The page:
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Media Circus

All Apologies

By Michael Anft | Posted 11/7/2001

With all hell breaking loose at home and abroad, we need leaders who will take responsibility for their actions--and inactions--as well as protect us from those who would do us harm. This all seems plain and simple enough; a government that can't protect its people doesn't deserve to exist, and likely won't continue to. The press' role in all this is to ask the right questions and encourage vigilance from our would-be protectors, along with (sometimes loudly) pointing out their mistakes.

Very few editors and reporters, caught up in the hysteria of an anthrax "epidemic" that threatens to involve three figures' worth of people--maybe--out of 280 million, have taken this role seriously. Fed handouts from the glib secretary of defense, Donald Rumsfeld, and almost-daily alarmism from Attorney General John Ashcroft, the front-line chroniclers of history have chosen to tackle bioterrorism one victim at a time while taking Rumsfeld's word on progress in the war against Afghanistan (or its leaders, or its terrorists, or . . . whatever).

The result has been pillowy coverage, a free ride for a government that taxpayers feed billions of dollars annually to save them from the sort of things that happened Sept. 11 and after. That the federal apparatus has failed--from the CIA to the FBI to the postmaster general to the past and current administrations--is beyond question. But amid the flag-waving and "God Bless America"-singing, there's apparently no safe and popular way to say it. (And media, being a collection of saleable products, mustn't be unpatriotic enough to hurt sales, right?) Outside of an op-ed piece or two, the daily print medium's inclination has been to give breath-by-breath accounts of whatever calamity it's trailing. When it comes to asking hard questions--Why are there no suspects in the anthrax cases yet? Do we even know if Osama Bin Laden is in Afghanistan? Why is George Tenet still running the CIA?--reporters have held back, citing "unprecedented times" or some such hooey.

Local scribes are not immune to such head-in-the-sand irresponsibility. Sun columnist Dan Rodricks' Oct. 26 piece is headlined, "In uncertain times, government officials are still human, too." Rodricks is careful to note that elected officeholders and political appointees aren't above criticism, but he adds that they should be excused this time around. "[Y]es, the feds messed up by not getting postal workers in Washington tested earlier, but I'd like to remind all the second-guessers out there that we've been floating in uncharted space since Sept. 11." Well, yeah. But it's the government's job to at least foresee the possibility of such "uncharted space" (they spend hundreds of millions per year on it), and it's the media's job to make sure the government is taking care of such things--to "second-guess" it, and sometimes first-guess it.

The column is particularly galling given that the infection of postal workers has been one of the few occurrences that caused the slumbering media giant to stir--or at least regurgitate compelling questions, posed by postal-union officials. Even as his colleagues showed faint signs of life, Rodricks equated the government's failure to fulfill its responsibility with insufficient public anti-terrorism. "I'm guessing that you never wrote your congressional rep to ask for more federal funding to protect the nation against possible anthrax attacks," he wrote, evincing a fourth-grader's naiveté about the workings of government.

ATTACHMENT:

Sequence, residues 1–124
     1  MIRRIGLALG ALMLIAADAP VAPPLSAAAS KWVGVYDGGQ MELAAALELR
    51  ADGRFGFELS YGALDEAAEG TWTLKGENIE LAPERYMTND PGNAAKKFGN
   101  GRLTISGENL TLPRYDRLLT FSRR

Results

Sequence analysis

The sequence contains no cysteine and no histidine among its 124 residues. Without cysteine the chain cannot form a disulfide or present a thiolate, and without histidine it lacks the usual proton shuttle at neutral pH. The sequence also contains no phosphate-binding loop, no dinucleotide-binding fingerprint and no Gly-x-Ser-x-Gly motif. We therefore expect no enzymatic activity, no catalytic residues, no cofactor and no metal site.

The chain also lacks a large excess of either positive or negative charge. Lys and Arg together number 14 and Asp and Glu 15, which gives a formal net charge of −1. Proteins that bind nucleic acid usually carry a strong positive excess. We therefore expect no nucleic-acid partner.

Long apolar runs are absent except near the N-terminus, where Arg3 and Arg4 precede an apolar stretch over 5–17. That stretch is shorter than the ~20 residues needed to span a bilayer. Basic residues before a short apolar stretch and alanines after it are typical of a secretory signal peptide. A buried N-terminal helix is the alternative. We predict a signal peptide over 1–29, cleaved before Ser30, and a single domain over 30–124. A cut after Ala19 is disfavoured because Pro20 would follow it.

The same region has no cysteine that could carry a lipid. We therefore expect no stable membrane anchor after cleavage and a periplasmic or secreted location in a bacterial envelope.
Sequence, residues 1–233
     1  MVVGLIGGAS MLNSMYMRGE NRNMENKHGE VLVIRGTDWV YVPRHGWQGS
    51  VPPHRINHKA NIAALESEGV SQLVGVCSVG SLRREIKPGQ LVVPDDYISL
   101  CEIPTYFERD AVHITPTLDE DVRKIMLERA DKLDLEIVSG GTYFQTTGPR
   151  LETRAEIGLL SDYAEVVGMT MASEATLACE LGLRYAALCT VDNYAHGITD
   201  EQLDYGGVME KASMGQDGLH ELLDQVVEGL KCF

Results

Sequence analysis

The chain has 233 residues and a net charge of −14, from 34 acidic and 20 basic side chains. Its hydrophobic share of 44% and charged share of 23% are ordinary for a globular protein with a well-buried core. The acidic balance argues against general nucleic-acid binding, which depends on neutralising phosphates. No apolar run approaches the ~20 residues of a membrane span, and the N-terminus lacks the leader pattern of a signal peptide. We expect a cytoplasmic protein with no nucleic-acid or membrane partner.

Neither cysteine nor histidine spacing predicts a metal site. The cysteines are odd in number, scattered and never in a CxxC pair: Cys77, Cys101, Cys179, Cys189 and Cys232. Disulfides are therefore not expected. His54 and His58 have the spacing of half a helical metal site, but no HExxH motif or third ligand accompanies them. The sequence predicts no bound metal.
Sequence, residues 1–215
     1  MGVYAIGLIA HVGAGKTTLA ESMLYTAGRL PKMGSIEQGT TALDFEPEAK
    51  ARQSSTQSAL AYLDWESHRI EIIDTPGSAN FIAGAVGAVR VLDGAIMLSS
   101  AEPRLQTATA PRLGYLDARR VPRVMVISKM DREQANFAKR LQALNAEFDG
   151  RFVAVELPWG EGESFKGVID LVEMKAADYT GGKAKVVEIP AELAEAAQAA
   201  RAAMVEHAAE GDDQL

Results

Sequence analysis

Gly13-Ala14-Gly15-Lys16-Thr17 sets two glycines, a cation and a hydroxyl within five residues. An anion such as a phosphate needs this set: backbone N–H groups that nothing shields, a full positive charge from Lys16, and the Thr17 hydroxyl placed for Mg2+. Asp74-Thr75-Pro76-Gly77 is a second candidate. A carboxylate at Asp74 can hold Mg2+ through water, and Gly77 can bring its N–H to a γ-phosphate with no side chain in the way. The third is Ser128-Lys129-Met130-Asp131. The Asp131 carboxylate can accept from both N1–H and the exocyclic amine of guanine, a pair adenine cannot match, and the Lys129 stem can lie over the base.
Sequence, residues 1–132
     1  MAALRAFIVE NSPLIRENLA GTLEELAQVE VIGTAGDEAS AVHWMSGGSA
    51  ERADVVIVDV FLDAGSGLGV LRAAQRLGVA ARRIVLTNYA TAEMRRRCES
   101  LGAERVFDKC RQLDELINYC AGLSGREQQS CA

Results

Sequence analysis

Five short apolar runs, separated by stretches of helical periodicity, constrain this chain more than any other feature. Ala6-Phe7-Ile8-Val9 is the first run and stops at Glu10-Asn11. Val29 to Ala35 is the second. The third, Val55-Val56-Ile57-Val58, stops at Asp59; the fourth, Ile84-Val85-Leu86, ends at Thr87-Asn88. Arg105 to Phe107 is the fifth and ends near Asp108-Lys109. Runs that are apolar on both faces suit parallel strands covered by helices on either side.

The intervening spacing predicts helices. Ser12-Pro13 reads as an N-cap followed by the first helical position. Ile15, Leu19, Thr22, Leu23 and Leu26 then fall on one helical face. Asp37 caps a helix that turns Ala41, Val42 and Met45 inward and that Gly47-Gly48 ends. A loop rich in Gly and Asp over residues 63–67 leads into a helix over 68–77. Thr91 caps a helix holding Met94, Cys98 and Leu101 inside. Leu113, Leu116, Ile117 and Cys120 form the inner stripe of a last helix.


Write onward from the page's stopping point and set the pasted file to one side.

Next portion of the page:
Five days later, Rodricks dug some sand out of his ears and took a step back from such water-carrying, exposing his argument to "a little tinkering" and blaming politicians past and present for not properly pushing preparedness. Good for him. But the impulse to bury a journalist's raison d'être--asking the right questions of people in high places--lives on elsewhere. And there are so many questions.

Strange Bedfellows

Given the circumstances, it's tempting to applaud WBFF (channel 45) general manager Bill Fanshawe and parent company Sinclair Broadcasting's senior vice president, Mark Hyman, for their on-air editorials lambasting The Sun. We would, if they'd gone on about the daily monopoly's eviscerated coverage of the city, weak columnists, and useless Business and Live sections. But their tersely worded broadsides made us laugh more than anything else.

In mid-September, Fanshawe blasted Sun media reporter David Folkenflik's worthwhile coverage of tensions within WBFF's news department and the station's overt (and ethically questionable) enlisting of its ostensible journalists in the flag-waving fervor. Late last month, Hyman accused the daily of teaching would-be terrorists how to refine anthrax in an Oct. 18 graphic, officially joining in the hysteria without recognizing that the graphic lacked vital information (like how to get ahold of anthrax, for example).

The snit between media companies comes at a time when the two have an informal arrangement to give Sun writers face time on 45's abysmally rated morning show. So far, about 10 Sun staffers have made the trek from Calvert Street to TV Hill as part of a public-relations campaign designed to increase their visibility. "We call it the 'columnist campaign,'" Sun spokesperson Carol Dreyfuss says. The most amusing sortie of which came when Folkenflik showed up on 45 last month to provide content for an organization about which he reports. No word on whether he and Fanshawe mixed it up in the hallway.

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